'Buy meat locally so you know where it's coming from': Environment committee chair admits she wouldn't eat a beef processed meal

Anne McIntosh spoke out on the horsemeat scandal by warning that recent cases of contaminated products were just the 'tip of the iceberg'.

The chair of the House of Commons Environment, Food and Rural Affairs Committee today admitted that she would not eat processed foods labelled as beef.

Anne McIntosh spoke out on the horsemeat scandal by warning that recent cases of contaminated products were just the 'tip of the iceberg'.

And this morning she urged consumers to buy local produce to give themselves peace of mind of the source of their meat goods.

Miss McIntosh had previously said  that Britain's Food Standards Agency had failed to get to grips with the horsemeat affair.

When asked if she would eat a beef processed meal, she told BBC Radio 4's Today programme: "No, and I think the message is to go out and buy your food as locally as you can so you know where the beef is coming from."

"There's a common strand going through this of imported meat coming from EU countries. None of the meat seems to have come from this country.

"It's sending shockwaves through the farming community and denting consumer confidence. We need to tackle this very quickly to restore consumer confidence, and I think the message is to buy local.'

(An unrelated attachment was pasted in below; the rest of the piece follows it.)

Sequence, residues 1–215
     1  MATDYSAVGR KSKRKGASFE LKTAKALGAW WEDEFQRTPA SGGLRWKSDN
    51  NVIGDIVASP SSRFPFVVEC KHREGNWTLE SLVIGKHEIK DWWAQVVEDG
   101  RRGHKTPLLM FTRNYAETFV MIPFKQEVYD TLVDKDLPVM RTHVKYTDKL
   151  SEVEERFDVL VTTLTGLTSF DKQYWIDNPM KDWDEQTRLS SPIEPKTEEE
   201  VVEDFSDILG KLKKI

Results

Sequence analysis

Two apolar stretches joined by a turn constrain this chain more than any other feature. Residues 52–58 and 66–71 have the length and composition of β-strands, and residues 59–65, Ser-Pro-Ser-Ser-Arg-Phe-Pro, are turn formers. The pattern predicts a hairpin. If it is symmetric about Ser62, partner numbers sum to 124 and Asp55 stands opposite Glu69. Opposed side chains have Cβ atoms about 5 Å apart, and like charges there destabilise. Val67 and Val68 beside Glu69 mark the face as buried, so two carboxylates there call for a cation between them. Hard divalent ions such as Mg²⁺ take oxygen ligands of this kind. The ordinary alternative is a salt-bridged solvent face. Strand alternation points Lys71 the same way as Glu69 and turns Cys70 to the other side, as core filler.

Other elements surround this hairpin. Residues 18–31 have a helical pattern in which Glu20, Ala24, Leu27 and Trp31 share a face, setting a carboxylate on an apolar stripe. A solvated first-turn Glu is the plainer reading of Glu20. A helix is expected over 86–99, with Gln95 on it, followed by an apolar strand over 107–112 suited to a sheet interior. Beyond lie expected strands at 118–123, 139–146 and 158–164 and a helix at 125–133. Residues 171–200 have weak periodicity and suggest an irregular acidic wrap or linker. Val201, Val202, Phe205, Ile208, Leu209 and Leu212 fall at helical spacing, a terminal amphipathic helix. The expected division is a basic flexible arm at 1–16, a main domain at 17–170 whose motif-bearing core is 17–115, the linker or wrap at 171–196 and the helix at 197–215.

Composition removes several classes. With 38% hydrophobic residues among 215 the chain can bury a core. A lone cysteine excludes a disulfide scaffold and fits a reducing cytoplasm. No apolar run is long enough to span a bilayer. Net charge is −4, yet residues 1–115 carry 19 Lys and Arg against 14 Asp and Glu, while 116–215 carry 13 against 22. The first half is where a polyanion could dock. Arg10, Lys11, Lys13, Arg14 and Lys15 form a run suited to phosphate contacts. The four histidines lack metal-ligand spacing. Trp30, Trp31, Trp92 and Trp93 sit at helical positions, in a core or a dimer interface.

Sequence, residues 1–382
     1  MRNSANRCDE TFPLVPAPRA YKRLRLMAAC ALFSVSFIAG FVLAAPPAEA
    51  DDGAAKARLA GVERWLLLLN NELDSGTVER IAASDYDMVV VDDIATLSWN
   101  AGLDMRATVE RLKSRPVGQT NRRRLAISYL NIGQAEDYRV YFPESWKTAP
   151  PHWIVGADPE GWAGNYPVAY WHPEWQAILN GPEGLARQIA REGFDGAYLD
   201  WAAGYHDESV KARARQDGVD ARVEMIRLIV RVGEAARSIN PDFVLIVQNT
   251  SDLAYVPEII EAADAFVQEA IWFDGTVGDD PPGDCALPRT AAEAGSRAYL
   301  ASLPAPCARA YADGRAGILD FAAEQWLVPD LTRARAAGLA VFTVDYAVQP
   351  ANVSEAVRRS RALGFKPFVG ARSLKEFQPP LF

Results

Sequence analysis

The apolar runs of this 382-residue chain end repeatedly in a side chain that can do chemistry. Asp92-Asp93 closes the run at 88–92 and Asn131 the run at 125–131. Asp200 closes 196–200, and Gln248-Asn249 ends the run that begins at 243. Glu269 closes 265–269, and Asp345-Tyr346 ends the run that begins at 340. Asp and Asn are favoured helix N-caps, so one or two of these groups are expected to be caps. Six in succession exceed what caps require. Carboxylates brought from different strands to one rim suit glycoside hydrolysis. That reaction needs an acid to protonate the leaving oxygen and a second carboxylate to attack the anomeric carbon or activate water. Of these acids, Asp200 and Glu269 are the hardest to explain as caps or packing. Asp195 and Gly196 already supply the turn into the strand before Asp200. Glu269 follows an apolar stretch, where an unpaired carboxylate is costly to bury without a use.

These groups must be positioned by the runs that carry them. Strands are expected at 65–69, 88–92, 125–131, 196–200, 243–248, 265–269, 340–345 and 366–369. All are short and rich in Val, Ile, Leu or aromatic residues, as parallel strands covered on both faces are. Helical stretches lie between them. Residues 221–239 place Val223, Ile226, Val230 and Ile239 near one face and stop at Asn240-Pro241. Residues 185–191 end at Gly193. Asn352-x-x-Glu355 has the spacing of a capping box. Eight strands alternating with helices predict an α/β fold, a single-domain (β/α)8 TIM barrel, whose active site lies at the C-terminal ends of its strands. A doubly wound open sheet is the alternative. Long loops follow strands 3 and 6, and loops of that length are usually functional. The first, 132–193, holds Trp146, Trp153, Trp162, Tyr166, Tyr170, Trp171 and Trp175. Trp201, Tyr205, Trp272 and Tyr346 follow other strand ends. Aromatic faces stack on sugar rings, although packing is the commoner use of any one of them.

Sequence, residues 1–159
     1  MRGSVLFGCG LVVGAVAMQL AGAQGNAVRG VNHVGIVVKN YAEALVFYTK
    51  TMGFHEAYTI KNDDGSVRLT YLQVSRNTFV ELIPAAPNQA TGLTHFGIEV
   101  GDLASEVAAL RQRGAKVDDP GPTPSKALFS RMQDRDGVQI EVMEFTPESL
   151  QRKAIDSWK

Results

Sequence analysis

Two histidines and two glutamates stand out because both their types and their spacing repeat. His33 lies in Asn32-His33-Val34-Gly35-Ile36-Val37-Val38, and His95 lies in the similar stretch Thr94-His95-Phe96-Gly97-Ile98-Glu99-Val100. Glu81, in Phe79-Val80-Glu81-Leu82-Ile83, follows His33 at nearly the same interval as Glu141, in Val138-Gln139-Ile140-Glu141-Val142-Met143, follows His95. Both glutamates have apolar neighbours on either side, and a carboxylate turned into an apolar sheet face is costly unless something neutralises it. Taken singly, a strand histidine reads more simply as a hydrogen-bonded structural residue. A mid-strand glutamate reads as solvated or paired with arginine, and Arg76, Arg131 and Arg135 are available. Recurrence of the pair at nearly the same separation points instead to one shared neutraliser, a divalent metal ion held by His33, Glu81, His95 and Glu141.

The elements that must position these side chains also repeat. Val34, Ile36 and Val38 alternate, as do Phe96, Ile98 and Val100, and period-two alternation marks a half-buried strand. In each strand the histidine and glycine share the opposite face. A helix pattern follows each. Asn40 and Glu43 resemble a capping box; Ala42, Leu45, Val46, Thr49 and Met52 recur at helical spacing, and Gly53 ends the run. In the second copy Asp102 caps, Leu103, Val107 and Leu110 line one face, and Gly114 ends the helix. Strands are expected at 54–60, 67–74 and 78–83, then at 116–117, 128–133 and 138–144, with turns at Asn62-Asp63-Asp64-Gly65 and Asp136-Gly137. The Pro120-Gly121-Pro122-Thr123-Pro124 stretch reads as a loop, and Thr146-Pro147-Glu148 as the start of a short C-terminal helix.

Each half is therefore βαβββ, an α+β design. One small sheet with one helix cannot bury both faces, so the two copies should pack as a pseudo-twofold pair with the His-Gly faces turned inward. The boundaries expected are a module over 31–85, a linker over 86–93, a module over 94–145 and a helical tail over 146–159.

Anne McIntosh said recent cases of horsemeat contamination were 'the tip of the iceberg' (PA)Miss McIntosh critcised the FSA earlier this week, saying: "We have had two incidents in two weeks, neither of which was discovered by the Food Standards Agency.

The agency must face questions over whether it is fit for purpose."

It emerged today that Findus beef lasagne may have been contaminated with horsemeat since last summer.

Labour MP Tom Watson said he had obtained a letter from the company to retailers warning that a French-based supplier told it on February 2 that raw materials delivered to it since August 1 last year were "likely to be non-conform and consequently the labelling on finished products is incorrect".

The letter, which Mr Watson said was sent to retailers on Monday, added: "The supplier has asked us to withdraw the raw material batches."

Tesco confirmed today that it was informed of a product withdrawal by Findus on Monday but did not give any more details.

Findus have since issued a statement on the scandal, insisting that the contamination is 'not a food safety issue'.

Findus said: ‘Findus UK can confirm testing of its beef lasagne has revealed some product containing horse meat.

'As a precautionary measure, on Monday we coordinated a full withdrawal of our affected beef lasagne.

‘We understand it is a very sensitive subject for consumers and we would like to reassure you we have reacted immediately.

'We do not believe this to be a food safety issue.’